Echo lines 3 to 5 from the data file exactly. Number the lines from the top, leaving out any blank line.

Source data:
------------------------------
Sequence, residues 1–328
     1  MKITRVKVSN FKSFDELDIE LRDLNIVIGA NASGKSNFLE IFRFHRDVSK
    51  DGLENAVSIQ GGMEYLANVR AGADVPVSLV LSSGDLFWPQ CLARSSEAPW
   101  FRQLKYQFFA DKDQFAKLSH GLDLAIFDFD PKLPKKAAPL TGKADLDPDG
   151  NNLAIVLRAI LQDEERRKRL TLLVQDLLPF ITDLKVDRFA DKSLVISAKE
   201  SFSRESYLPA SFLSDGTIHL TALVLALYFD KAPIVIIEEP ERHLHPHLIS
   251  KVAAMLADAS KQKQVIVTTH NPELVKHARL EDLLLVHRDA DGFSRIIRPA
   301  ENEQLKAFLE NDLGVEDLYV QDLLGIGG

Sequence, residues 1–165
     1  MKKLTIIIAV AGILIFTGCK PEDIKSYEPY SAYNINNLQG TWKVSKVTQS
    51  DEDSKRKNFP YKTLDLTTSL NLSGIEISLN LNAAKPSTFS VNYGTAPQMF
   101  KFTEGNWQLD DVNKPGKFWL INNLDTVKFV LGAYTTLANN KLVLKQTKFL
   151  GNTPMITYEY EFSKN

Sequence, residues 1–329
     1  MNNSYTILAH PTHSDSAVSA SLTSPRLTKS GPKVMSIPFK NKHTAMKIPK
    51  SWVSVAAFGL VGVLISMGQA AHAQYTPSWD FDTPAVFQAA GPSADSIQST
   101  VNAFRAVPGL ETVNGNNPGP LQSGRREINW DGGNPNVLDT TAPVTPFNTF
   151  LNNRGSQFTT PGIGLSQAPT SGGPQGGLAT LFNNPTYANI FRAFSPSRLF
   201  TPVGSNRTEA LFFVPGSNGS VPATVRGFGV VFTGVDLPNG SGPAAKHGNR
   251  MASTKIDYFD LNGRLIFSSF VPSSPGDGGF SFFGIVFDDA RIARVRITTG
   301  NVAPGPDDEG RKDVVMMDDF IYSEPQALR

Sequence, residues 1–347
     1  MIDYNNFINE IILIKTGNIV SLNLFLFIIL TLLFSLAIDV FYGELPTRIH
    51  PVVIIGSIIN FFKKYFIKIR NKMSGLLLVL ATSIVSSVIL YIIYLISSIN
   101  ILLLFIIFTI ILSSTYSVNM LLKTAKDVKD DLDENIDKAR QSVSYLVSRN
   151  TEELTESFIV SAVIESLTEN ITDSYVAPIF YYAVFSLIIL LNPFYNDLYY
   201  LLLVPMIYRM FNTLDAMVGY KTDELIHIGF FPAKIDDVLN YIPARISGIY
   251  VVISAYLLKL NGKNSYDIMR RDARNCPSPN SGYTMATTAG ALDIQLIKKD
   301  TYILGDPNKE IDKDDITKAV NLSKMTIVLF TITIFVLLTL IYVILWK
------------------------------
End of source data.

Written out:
    51  DGLENAVSIQ GGMEYLANVR AGADVPVSLV LSSGDLFWPQ CLARSSEAPW
   101  FRQLKYQFFA DKDQFAKLSH GLDLAIFDFD PKLPKKAAPL TGKADLDPDG
   151  NNLAIVLRAI LQDEERRKRL TLLVQDLLPF ITDLKVDRFA DKSLVISAKE